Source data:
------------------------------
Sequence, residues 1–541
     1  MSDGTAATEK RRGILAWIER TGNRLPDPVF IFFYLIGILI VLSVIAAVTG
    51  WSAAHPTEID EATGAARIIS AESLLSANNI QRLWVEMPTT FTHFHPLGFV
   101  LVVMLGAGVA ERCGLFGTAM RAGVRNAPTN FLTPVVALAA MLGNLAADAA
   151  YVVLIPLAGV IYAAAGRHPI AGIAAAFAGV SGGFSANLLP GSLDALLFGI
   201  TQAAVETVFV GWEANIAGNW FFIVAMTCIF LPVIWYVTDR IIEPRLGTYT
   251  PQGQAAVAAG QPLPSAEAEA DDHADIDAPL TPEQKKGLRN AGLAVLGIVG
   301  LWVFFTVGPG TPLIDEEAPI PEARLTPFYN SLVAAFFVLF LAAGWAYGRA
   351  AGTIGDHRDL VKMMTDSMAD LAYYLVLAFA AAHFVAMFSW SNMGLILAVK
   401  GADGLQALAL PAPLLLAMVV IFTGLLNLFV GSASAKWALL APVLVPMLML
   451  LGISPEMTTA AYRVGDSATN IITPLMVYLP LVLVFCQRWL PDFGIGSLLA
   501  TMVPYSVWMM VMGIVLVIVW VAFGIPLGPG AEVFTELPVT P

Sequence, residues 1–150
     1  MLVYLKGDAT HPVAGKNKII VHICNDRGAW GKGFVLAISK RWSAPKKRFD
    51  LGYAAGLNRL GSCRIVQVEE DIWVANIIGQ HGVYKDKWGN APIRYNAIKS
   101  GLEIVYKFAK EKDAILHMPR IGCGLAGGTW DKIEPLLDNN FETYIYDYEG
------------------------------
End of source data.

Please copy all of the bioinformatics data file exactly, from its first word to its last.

Sequence, residues 1–541
     1  MSDGTAATEK RRGILAWIER TGNRLPDPVF IFFYLIGILI VLSVIAAVTG
    51  WSAAHPTEID EATGAARIIS AESLLSANNI QRLWVEMPTT FTHFHPLGFV
   101  LVVMLGAGVA ERCGLFGTAM RAGVRNAPTN FLTPVVALAA MLGNLAADAA
   151  YVVLIPLAGV IYAAAGRHPI AGIAAAFAGV SGGFSANLLP GSLDALLFGI
   201  TQAAVETVFV GWEANIAGNW FFIVAMTCIF LPVIWYVTDR IIEPRLGTYT
   251  PQGQAAVAAG QPLPSAEAEA DDHADIDAPL TPEQKKGLRN AGLAVLGIVG
   301  LWVFFTVGPG TPLIDEEAPI PEARLTPFYN SLVAAFFVLF LAAGWAYGRA
   351  AGTIGDHRDL VKMMTDSMAD LAYYLVLAFA AAHFVAMFSW SNMGLILAVK
   401  GADGLQALAL PAPLLLAMVV IFTGLLNLFV GSASAKWALL APVLVPMLML
   451  LGISPEMTTA AYRVGDSATN IITPLMVYLP LVLVFCQRWL PDFGIGSLLA
   501  TMVPYSVWMM VMGIVLVIVW VAFGIPLGPG AEVFTELPVT P

Sequence, residues 1–150
     1  MLVYLKGDAT HPVAGKNKII VHICNDRGAW GKGFVLAISK RWSAPKKRFD
    51  LGYAAGLNRL GSCRIVQVEE DIWVANIIGQ HGVYKDKWGN APIRYNAIKS
   101  GLEIVYKFAK EKDAILHMPR IGCGLAGGTW DKIEPLLDNN FETYIYDYEG